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How to Budget When You Don't Have a Full-Time Job

Paul Sisolak

In a perfect world, budgeting would be easy. You would earn enough net income to cover every need, afford some wants and have a little cash left over to save or invest. But in a not-so-perfect economy, your monetary situation might be a bit more irregular. You could be on a strictly part-time schedule, between jobs, work on a contract or hourly basis or living paycheck to paycheck.

If you find yourself in a low-income situation, it's important to make every dollar count. That means making sure you have enough money to cover your monthly expenses and finding ways to cut back where possible to ensure you don't run out of funds.

Take a look at the following suggestions for how to develop your ideal budget and save money -- even if you're not sure where that money's going to come from every month.

1. Get a handle on fluctuating income.

First determine your average monthly income. Go back over the last few months' pay, and aim for the lowest you've earned to ensure you don't budget for more than you can reasonably afford. By working with your minimum monthly income versus your average earnings, you can build a monetary safety net more conservatively.

2. Tally your monthly expenses.

Add up regular expenses like rent or mortgage, transportation (your car payment, auto insurance and gas costs), utilities, cellphone bill, and credit and debit card transactions. Unlike your minimum income, look for your maximum and anticipate paying that for the near future.

3. Separate the fixed from the variable.

Financial expert Dave Ramsey calls them the "Four Walls:" food, shelter, clothing and transportation. Essentials such as housing and car payments are fixed, which means they'll be the same amount each month; items such as food, clothing and other costs can vary from month to month, depending on your spending habits.

4. See how low you can go.

Avoid overspending (and impulse shopping) on variable expenses -- the ones you can control from month to month, like groceries or clothing. For example, if your monthly income is just $1,400, and your fixed expenses tally up to $1,000, that leaves just $400 left on variable purchases. One solution could be to choose the supermarket house brand over name brands to stretch those dollars further.

5. Take discretion with the discretionary.

How much is that daily Starbucks setting you back? Do you eat out more than you cook in? Can you forgo the landline and keep the cellphone? What about spending on entertainment?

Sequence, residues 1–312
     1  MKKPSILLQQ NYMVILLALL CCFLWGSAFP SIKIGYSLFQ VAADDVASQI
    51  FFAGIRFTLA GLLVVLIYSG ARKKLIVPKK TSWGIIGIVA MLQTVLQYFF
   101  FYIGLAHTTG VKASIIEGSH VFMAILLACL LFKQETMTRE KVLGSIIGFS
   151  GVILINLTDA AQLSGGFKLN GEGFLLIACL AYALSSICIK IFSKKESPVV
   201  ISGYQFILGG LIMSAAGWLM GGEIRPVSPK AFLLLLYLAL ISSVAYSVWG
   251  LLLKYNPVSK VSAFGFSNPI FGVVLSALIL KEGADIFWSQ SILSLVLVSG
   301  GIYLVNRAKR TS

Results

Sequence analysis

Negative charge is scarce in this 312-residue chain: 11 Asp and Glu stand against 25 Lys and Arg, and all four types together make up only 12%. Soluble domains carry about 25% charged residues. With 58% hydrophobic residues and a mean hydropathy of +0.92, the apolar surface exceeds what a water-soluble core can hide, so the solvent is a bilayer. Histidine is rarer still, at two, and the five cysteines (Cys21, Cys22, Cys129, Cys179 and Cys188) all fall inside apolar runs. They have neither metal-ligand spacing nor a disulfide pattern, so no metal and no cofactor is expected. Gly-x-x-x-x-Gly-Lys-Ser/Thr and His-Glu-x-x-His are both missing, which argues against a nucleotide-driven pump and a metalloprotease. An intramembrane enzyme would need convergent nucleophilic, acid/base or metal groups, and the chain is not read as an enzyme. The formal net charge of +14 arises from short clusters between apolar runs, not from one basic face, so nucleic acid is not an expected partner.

Discretionary purchases can eat up your budget like there's no tomorrow. Just like your fixed expenses, make a list of your wants versus needs, consider the ones you can and can't live without, and see how they fit within your budget. Gather your receipts, add up how much you've spent and decide what spending you can reduce -- or eliminate completely.

6. Control costs with creativity (and coupons).

There are more imaginative, creative ways to have fun and save money than you might think possible. Take a picnic lunch instead of dining out. Opt for brewing coffee at home. Stream movies for free online. Skip the gym membership and exercise outdoors. For the holidays, stock up on gifts when items are on sale. After a few months, your budget will begin to show a better balance, simply from taking a few frugal steps.

It's also helpful to get into the practice of couponing to save money while on a lower budget. The time it takes to print out or cut coupons from the paper is well worth the savings -- and as we all know, time is money.

7. Prepare for the unexpected.

If you're working part time, does your employer offer you health insurance? If not, and your budget is medical expense-prohibitive, consider other ways to slash your major expenses. See if you can downsize to more economical living arrangements. Seek out a roommate to divide the monthly rent. Map out your errands to save gas with fewer trips, and propose carpooling with co-workers.

If these tips give you more financial leeway, think about putting some of the extra cash you saved into a money market or high-yield savings account, and add the interest earnings to your budget.

8. Ramp up your job search.

Continue seeking supplementary and full-time employment. This could mean everything from taking on a part-time job to increasing your hours of freelance work. Boosting your income, through whatever means, will give your budget that much more leeway.

9. Ask for help when needed.

Don't let yourself fall into debt -- and if you are in debt, contact your creditors to see if you can consolidate your debt, obtain a lower interest rate or do anything else to lower your payments.

The bottom line: These tips can be short-term steps toward reaching long-term goals. Remaining smart (and frugal) about your money during a time of reduced income not only helps your budget, but builds better financial discipline.

Paul Sisolak writes for GoBankingRates.com, a source for the interest rates on savings accounts, CDs, mortgages, auto loans and more.

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